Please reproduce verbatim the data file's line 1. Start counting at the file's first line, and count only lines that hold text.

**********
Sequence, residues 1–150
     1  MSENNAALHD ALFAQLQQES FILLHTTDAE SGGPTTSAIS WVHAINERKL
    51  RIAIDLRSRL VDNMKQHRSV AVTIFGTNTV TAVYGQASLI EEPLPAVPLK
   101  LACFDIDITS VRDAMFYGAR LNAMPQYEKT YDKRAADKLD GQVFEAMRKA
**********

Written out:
Sequence, residues 1–150